Bettis clarifies that these prosperity-sharing parents are in fact loving parents who care genuinely about their children and their children’s faith. Not only are these parents loving, most of them attend gospel-centered churches. At home; however, they are sending a different message to their children. As parents, grandparents, and caretakers how can we tell if we’ve been unintentionally sharing a false message of faith with our children? Bettis provides 3 diagnostic questions we can ask ourselves.
1. Is your life completely centered around your children?
As Bettis points out, “The prosperity gospel teaches we are the center of the universe and God is here for our happiness. The biblical truth, however, is while God’s love overflows for his people, we are made for him. He, not us, is the center.” We may not be teaching our children that we’re the center of the universe, but we may be teaching our children that they’re the center of the universe… We want our children to feel loved and to have what they need, but are we focusing our entire lives on them? What we need to do is love our children in truth; Bettis explains what that means:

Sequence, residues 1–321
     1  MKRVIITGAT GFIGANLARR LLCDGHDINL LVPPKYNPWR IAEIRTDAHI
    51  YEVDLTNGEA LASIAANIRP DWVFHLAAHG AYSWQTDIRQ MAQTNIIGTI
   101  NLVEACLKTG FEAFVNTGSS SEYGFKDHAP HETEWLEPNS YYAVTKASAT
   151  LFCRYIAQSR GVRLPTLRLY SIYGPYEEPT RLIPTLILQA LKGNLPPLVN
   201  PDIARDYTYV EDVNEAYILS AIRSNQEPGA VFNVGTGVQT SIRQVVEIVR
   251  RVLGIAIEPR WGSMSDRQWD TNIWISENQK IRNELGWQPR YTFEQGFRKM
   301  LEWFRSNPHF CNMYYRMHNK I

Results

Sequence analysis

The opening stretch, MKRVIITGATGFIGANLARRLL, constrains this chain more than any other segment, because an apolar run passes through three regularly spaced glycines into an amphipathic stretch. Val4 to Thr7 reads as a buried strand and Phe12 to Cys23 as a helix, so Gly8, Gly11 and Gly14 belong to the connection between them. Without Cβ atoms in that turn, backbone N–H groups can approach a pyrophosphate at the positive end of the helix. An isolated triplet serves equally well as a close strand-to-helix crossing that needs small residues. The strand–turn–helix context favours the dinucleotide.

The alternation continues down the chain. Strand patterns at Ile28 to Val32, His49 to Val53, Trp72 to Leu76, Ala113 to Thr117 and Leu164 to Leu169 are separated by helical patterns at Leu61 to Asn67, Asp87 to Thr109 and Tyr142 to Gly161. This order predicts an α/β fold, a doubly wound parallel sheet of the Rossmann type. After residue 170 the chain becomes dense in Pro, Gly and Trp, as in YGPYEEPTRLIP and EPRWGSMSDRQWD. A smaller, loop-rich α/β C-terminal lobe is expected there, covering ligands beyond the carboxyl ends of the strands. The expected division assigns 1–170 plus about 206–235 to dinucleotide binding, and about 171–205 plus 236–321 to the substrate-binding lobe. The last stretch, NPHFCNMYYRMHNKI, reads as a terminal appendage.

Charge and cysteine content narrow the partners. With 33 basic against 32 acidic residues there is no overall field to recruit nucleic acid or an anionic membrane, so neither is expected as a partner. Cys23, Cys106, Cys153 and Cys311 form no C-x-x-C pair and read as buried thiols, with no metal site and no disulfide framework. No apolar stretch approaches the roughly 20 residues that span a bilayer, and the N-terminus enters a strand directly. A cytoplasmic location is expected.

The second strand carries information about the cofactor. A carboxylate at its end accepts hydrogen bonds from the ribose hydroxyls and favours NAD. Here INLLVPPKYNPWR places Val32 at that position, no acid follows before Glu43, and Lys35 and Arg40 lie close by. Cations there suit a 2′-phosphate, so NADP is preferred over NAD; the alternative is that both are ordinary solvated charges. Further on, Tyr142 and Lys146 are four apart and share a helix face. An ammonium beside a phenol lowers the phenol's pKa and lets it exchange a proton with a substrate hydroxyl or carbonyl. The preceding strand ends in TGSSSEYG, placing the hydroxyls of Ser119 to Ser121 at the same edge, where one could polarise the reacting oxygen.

“And a core truth is that kids are cherished members of our family but not the center. We train them to love and honor others, including their parents. Gospel-centered parenting leads us to call our children out of their natural self-orientation to a sacrificial love for God and others.”
Everything in our culture teaches children to be self-centered, will we teach them something different?
2. When you prioritize in your child’s life, are you prioritizing on the material things?